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Inside the secret warehouse stockpiling NHS supplies in preparation for no-deal Brexit

Credit: ITV Cymru Wales

Four million pounds worth of NHS supplies have been stockpiled at a warehouse in south east Wales in preparation for Brexit.

The Welsh Government bought the warehouse, which is in a 'secret' location, as part of its Brexit planning.

It contains crates of medical gloves, swabs for x-rays to baked beans and tinned tomatoes. Mark Roscrow, Director of Procurement of NHS Wales, said the supplies would typically last eight weeks:

It's about 47,000 square feet, that's about 5,000 pallets, it represents around 1700 product lines. At the moment the stock value is about £4m and that's typically about eight weeks of stock that would normally be used in that sort of period across the whole of NHS Wales.

Its everything from medical items - syringes, dressing, needles, cleaning materials, through to toilet rolls - the sort of thing the NHS relies on day in day out to operate. Most of it comes from abroad and that's preparation for the event of a no-deal Brexit.

– Mark Roscrow, Director of Procurement of NHS Wales
Credit: ITV Cymru Wales

The £11m warehouse stocks what Vaughan Gething calls 'critical items.

Last week, the Health Minister - who is outspoken in favour of remaining in the EU - confirmed the purchase. But today he said he was 'appalled' that the Welsh Government has been forced into buying extra should the UK crash out of the European Union:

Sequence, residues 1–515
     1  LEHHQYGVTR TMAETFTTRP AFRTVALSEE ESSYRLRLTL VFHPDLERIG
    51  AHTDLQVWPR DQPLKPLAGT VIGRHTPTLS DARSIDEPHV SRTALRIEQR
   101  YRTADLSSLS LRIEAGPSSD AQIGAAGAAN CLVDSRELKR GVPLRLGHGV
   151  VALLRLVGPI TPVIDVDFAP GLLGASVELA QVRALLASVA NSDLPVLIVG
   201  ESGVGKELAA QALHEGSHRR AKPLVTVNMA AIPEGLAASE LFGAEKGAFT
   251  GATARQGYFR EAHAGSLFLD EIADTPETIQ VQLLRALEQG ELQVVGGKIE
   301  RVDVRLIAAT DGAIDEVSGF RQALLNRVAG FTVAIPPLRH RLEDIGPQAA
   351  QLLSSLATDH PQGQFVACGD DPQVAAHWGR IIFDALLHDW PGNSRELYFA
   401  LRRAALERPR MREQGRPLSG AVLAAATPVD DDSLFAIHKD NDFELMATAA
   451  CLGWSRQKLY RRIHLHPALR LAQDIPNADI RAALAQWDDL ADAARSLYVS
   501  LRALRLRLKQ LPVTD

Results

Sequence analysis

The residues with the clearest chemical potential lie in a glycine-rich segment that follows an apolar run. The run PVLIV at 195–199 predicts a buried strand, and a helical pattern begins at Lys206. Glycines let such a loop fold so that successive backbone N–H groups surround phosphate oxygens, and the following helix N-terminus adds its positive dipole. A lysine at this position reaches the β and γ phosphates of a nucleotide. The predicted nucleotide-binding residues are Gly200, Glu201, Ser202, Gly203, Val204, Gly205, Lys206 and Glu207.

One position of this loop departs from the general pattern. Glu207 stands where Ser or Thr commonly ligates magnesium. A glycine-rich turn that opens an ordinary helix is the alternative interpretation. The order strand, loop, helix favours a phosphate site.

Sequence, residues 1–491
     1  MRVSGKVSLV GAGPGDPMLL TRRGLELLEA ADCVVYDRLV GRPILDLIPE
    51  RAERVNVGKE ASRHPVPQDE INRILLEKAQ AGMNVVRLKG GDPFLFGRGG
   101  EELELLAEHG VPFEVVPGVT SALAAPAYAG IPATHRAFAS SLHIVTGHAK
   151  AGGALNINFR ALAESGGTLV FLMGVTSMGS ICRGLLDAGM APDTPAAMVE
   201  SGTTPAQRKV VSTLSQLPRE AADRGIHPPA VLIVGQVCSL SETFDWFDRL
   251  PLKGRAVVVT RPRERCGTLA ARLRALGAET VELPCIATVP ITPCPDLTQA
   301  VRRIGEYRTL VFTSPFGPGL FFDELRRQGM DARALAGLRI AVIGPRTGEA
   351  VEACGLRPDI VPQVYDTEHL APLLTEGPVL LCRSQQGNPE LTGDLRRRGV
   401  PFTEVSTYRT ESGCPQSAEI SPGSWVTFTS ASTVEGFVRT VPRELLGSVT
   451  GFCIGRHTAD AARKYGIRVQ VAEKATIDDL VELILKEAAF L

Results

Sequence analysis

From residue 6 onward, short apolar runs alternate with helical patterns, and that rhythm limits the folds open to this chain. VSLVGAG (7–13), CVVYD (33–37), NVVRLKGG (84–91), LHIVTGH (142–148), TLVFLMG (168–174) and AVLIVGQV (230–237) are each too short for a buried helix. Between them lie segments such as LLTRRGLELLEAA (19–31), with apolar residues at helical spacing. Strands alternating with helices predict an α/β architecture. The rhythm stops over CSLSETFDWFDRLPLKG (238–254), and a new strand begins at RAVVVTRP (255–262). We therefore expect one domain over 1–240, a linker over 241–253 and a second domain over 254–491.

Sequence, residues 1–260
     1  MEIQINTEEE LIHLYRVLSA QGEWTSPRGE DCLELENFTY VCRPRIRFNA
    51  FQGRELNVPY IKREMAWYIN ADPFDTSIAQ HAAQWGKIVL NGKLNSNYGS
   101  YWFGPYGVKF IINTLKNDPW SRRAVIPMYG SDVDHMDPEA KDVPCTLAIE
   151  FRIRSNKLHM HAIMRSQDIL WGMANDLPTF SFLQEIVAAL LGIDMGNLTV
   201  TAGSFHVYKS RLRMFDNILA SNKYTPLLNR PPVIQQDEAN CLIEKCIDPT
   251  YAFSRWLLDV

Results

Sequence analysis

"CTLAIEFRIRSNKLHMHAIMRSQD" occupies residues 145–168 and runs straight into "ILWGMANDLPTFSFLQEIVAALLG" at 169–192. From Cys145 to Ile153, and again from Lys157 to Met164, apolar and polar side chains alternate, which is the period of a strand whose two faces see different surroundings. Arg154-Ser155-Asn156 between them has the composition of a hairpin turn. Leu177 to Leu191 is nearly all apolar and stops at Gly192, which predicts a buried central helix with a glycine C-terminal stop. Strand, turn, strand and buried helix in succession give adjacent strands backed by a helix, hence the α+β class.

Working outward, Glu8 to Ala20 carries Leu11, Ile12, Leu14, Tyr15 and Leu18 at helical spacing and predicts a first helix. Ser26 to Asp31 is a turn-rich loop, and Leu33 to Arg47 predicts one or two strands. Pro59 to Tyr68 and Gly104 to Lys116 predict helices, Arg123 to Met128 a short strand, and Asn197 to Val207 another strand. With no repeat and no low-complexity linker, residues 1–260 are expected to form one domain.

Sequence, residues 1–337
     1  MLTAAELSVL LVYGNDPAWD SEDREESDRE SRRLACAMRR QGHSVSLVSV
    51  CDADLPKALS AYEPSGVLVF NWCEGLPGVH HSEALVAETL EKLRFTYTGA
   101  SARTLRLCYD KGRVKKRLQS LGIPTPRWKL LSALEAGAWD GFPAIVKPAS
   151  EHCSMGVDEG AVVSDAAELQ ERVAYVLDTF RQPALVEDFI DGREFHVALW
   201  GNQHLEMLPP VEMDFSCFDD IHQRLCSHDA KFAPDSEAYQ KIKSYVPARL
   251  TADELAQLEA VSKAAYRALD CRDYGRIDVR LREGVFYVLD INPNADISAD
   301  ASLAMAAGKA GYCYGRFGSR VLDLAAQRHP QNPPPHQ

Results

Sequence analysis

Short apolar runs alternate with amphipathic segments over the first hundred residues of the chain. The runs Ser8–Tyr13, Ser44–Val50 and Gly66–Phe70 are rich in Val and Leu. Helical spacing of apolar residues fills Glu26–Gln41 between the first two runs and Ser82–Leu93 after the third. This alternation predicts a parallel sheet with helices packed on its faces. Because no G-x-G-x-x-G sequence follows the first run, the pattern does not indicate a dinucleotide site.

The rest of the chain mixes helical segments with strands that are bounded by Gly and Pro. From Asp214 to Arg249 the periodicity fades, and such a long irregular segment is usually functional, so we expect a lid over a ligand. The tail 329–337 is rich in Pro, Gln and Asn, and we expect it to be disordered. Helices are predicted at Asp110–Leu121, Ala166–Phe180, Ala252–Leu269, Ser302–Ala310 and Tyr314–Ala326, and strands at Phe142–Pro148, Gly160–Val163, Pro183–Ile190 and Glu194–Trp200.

I'm appalled it's come to this, I'm deeply frustrated, we're spending lots our resources on stockpiling basic equipment, basic needs for our health and social care system, and that we're spending millions of pounds of national health service capital on acquiring a large warehouse.

– Vaughan Gething AM
Credit: ITV Cymru Wales

On Wednesday night, MPs voted to force the Prime Minister to further delay the date of Brexit - by just one vote - in a bid to avoid no-deal.

If the bill is passed by the House of Lords, it means the UK will not crash out of the EU with no-deal on April 12, so long as an extension is approved by Brussels.

It will allow Parliament to determine the length of extension which Theresa May would request at the EU summit next Wednesday.

However if the European Council proposes a different extension, Mrs May would have to return to the Commons for MPs' approval.

Read more: MPs agree by one vote to force PM to avoid no-deal with Brexit extension